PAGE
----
The G20 may or may not be “pointless” but the US does live in a global economy and has to pay attention to what the other 19 big economies think.
    Especially as it owes some of the bigger ones rather a lot of money.

    I would guess that you also think that the UNCTAD report on the need for reducing dollar dependency is equally irrelevant?

  5. Simon,

    Could you perhaps update this post with a link to where you have set out what you think feasible reforms to change the “power structure of global finance” would look like?

  6. This going to lead to war, or a series of wars. I don’t know why the financial elites imagine any positive outcome, but perhaps they are not thinking about outcomes.

    “If you find a government willing to state this problem clearly and really take action to confront the relevant powerful people, let me know.”

    Perhaps it is time to dust off the the old dream of world government. The UN is not a government. The IMF and the World bank are not government agencies. Yet their staffs have the will and perhaps desperation will finally lead to action. Oh, won’t the wingnuts howl!

    On the other hand, we could hand management of the world economy over to China.

  7. Reading Williams’ Tragedy of American Diplomacy. He seems to argue that finance was subserviant as long as manufacturing was generating surpluses, basically depositing profits with the banks, not allowing debt to billow. When manufacturers began to use debt as leverage for acquisitions things got hairy.

  8. Daniel Habtemariam

    Dear Ted K–While I wouldn’t have used your words, I think you’re totally right.

    We have a health insurance oligarchy of sorts responsible (at least partially, if not mostly) for the healthcare inflation and consequential looming crisis that we uniquely face as a nation here in the United States. That industry is using its influence to block reform, just as is the case with financial re-regulation.

    The difference between the fight for financial regulation reform and the fight for healthcare reform is that we know which US Senators and Representatives are opposed to reform in healthcare. It’s not at all clear who’s opposing financial regulation…but it would be enormously useful to know.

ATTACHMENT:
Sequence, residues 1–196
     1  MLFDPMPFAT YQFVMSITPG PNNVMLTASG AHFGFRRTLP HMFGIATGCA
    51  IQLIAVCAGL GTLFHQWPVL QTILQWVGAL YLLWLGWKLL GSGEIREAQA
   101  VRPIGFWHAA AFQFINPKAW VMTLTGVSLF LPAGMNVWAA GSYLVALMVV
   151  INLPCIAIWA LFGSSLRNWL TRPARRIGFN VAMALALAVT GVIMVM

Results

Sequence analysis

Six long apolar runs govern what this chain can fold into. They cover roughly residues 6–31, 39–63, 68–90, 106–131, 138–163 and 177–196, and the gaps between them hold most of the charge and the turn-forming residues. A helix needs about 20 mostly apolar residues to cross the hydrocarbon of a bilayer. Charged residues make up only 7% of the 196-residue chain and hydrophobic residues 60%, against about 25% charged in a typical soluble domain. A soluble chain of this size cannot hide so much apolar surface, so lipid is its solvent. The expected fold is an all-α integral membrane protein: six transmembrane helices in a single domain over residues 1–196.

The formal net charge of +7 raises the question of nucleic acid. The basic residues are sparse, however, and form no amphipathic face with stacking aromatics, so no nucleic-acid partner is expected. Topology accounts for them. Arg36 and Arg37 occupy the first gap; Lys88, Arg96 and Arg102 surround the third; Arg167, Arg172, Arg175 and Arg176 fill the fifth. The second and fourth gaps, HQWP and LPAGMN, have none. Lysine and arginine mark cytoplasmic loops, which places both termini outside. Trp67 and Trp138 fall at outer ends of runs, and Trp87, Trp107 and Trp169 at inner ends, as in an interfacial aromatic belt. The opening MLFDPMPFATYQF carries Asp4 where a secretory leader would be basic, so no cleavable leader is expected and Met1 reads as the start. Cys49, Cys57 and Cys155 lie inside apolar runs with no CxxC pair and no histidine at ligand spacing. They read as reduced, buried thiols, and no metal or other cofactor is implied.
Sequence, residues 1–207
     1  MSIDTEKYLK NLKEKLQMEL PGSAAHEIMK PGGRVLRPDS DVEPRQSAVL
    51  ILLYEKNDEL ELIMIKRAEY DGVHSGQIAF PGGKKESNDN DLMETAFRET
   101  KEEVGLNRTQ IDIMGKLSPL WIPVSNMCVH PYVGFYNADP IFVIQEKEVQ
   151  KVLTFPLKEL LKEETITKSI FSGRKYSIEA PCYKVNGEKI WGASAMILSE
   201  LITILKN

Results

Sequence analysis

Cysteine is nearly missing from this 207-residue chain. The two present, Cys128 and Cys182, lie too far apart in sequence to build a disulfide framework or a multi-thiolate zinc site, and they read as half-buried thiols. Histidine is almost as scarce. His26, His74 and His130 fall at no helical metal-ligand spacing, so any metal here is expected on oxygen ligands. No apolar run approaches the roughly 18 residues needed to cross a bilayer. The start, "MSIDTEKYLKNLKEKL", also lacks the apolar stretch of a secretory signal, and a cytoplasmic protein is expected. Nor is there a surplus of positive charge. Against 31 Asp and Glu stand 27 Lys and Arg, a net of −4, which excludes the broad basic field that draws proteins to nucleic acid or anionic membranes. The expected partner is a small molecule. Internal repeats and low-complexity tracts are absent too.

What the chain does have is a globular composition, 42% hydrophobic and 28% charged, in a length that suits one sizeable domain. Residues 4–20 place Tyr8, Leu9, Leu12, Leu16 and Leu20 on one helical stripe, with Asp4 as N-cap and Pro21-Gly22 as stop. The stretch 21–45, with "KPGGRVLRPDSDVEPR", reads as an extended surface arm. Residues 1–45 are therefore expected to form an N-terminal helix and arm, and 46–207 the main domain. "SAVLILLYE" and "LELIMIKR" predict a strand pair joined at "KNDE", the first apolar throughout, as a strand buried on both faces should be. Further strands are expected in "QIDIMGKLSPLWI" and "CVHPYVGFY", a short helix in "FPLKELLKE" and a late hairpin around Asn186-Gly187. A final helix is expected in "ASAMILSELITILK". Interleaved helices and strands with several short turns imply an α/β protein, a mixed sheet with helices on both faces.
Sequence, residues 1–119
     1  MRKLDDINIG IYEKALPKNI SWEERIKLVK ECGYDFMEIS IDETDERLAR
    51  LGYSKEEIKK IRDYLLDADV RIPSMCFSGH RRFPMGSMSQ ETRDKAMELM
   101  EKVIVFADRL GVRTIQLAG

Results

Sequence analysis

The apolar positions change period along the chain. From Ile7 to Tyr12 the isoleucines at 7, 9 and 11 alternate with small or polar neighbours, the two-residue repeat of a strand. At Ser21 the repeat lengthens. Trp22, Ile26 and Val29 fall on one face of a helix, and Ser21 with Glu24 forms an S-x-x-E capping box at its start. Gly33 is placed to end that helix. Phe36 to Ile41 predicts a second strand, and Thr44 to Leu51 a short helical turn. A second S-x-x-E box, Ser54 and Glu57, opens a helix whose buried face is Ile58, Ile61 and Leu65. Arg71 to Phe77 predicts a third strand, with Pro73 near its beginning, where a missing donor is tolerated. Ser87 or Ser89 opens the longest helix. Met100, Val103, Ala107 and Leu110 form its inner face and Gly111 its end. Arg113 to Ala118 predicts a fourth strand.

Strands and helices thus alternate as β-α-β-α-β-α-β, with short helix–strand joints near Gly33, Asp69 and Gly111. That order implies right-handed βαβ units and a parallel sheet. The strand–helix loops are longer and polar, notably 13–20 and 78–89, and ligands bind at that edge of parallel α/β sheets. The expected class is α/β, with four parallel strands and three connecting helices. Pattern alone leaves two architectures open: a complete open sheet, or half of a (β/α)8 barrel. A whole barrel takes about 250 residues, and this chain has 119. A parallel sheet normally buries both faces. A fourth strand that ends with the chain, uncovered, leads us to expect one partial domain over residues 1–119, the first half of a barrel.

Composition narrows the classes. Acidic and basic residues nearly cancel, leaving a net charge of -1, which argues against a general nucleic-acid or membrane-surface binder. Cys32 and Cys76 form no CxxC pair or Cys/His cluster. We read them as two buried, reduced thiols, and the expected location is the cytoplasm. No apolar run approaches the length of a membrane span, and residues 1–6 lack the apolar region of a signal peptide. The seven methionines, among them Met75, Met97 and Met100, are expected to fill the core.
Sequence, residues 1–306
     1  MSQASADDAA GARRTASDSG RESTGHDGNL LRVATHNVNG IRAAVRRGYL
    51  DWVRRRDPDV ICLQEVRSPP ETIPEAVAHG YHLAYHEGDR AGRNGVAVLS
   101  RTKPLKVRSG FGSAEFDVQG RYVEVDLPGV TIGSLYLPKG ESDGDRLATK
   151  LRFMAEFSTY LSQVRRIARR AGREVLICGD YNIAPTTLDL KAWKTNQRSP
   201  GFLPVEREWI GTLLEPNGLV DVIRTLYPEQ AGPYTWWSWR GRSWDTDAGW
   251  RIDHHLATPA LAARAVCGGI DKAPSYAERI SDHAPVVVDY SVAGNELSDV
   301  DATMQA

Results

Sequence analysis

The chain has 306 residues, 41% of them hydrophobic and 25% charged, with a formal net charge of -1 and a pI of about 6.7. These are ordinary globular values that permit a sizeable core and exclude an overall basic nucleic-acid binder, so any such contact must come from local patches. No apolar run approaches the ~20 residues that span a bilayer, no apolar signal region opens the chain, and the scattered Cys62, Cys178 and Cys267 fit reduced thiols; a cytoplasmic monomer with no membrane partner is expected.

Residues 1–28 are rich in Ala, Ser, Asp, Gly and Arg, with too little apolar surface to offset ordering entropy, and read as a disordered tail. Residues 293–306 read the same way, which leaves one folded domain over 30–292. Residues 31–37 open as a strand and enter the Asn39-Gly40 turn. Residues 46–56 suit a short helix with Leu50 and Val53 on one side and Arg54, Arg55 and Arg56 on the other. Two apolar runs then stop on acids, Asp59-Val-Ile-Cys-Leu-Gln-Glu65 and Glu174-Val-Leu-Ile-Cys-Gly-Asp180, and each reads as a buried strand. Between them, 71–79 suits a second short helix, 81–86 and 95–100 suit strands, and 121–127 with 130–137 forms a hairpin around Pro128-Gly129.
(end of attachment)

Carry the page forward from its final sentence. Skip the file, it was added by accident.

I imagine Dr. Johnson is either (1) unwilling to get caught up in the resultant political fight from him naming names or (2) genuinely uninterested in handling this from anything other than a macro-level non-interventionist academic point of view.

    Daniel Habtemariam

  9. Not China. For their bureaucrats, life is too cheap.

  10. One of the things that struck me was the French and German allegation that the US hasn’t even bothered to implement Basel II yet… Recall that at the height of the crisis (earlier this year) the French/Germans wanted to talk about regulation more, and the US wanted to talk about stimulus/IMF support/monetary action.

    The US seemed to tacitly admit that, yes, it hadn’t even adopted basel II. It’s hard for the US to press for any reform if it has a record of not living up to its treaty obligations. (Not that Basel II would have stopped the crisis or anything like that…)

    I don’t think that’s the real issue… but it costs credibility.

    I’m still not entirely hopeless for a couple of reasons. There was some talk about increasing capital ratios across the board, and going after tax/money havens.

    Also, I don’t expect any movement on this until after health care reform has passed. Team Obama made the deliberate decision that health reform is their #1 goal, and they (probably correctly) recognize that the US public can’t handle more than one big issue at once. They are specifically NOT engaging this issue in order to keep attention on health care. Arguably, they should have engaged financial reform before health care (it would have been more popular, and more salient to the general public, and given more time to get a decent set of health care proposals done behind the scenes). I think this was a colossal error… I think, however, it was a strategic choice about which issue to prioritize, not a general desire to avoid the problem altogether. Team Obama directly declared that the financial regulation debates would occur in the Fall of 09, but that was before they failed to hit their August 09 deadline for health care (which, I would argue, is because they threw everything over the fence to Congress and asked for an impossible bipartisan compromise in a fractious parochial Congress – the fact that they might actually have to write their OWN legislation seems to have finally struck them like a lightning bolt).

    If Team Obama survives the health care debate, it will enter the financial regulation debate with a lot less momentum. Hopefully enough…